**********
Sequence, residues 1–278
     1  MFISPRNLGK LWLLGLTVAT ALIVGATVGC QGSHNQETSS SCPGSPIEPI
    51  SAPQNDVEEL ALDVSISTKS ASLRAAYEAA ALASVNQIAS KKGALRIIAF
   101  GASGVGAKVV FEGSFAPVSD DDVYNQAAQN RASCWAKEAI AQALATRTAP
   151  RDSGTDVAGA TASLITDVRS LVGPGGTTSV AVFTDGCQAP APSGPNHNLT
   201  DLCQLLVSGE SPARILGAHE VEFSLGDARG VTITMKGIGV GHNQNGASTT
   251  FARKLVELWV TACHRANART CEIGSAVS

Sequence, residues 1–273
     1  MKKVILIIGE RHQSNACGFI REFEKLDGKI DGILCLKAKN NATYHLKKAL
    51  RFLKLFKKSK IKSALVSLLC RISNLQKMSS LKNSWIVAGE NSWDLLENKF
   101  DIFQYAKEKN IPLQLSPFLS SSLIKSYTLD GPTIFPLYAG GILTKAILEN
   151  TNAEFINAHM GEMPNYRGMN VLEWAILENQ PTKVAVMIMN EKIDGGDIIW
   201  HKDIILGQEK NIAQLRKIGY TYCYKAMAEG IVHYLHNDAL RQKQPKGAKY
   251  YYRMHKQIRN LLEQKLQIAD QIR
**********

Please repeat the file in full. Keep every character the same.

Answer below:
Sequence, residues 1–278
     1  MFISPRNLGK LWLLGLTVAT ALIVGATVGC QGSHNQETSS SCPGSPIEPI
    51  SAPQNDVEEL ALDVSISTKS ASLRAAYEAA ALASVNQIAS KKGALRIIAF
   101  GASGVGAKVV FEGSFAPVSD DDVYNQAAQN RASCWAKEAI AQALATRTAP
   151  RDSGTDVAGA TASLITDVRS LVGPGGTTSV AVFTDGCQAP APSGPNHNLT
   201  DLCQLLVSGE SPARILGAHE VEFSLGDARG VTITMKGIGV GHNQNGASTT
   251  FARKLVELWV TACHRANART CEIGSAVS

Sequence, residues 1–273
     1  MKKVILIIGE RHQSNACGFI REFEKLDGKI DGILCLKAKN NATYHLKKAL
    51  RFLKLFKKSK IKSALVSLLC RISNLQKMSS LKNSWIVAGE NSWDLLENKF
   101  DIFQYAKEKN IPLQLSPFLS SSLIKSYTLD GPTIFPLYAG GILTKAILEN
   151  TNAEFINAHM GEMPNYRGMN VLEWAILENQ PTKVAVMIMN EKIDGGDIIW
   201  HKDIILGQEK NIAQLRKIGY TYCYKAMAEG IVHYLHNDAL RQKQPKGAKY
   251  YYRMHKQIRN LLEQKLQIAD QIR